Furthermore, Dr. Rick Van Eck, an Instructional Design professor and expert in learning and gaming, shares his research on the benefits of gaming in education and learning design in his TEDxManitoba talk The Gaming of Educational Transformation. He believes that games revolutionize education by exposing students to the following experiences and concepts: Situated Cognition – a student learns within the environment in which he or she will demonstrate that knowledge. Much like Experiential Learning, students learn-by-doing, think on-the-fly, and learning is absorbed and generalized in relation to the activity, context, and culture. Systems Thinking – a student learns to view a game or situation within the context of how things interact as a whole, interdependent, complex, and dynamic constructs. Collaboration – a student critically works with others to achieve success in the game or simulations while developing skills in social negotiation, strategy, and emotional intelligence.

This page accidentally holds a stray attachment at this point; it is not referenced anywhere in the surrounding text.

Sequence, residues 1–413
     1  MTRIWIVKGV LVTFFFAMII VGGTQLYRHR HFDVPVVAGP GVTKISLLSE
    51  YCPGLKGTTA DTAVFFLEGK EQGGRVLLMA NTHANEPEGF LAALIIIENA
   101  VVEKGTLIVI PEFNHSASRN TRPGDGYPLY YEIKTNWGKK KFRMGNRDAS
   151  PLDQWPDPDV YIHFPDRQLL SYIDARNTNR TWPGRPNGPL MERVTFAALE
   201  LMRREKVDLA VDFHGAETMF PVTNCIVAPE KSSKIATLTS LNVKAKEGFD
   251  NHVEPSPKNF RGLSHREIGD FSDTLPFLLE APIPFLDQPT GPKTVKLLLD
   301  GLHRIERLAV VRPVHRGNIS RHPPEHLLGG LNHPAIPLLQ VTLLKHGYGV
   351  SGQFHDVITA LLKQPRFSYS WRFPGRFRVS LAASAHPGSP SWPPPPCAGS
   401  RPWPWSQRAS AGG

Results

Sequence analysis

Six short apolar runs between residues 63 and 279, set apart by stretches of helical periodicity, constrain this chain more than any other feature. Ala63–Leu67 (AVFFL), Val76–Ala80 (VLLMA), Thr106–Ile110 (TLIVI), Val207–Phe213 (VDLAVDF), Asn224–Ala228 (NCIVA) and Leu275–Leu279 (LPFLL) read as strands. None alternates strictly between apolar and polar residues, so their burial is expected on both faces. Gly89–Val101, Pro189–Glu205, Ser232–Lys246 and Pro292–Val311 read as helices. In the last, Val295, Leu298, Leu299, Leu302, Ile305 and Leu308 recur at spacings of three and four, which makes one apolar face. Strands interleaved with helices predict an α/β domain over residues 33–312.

Problem Solving – a student is faced with a challenge or goal that requires the generation of new knowledge to find the solution. Engagement – a student does not rely on fun or motivation to complete the task, but rather a cognitive effort. Games introduce engagement through the concept of the Zone of Proximal Development or “The Goldilocks Zone” — meaning the challenge is not too easy, not too hard, but just right in order to keep the gamer/learner engaged and in the problem-solving cycle. Gaming, while fun, challenging, collaborative, and addictive to some, also creates new capacities and beneficial skills that can be exploited when creating learning solutions.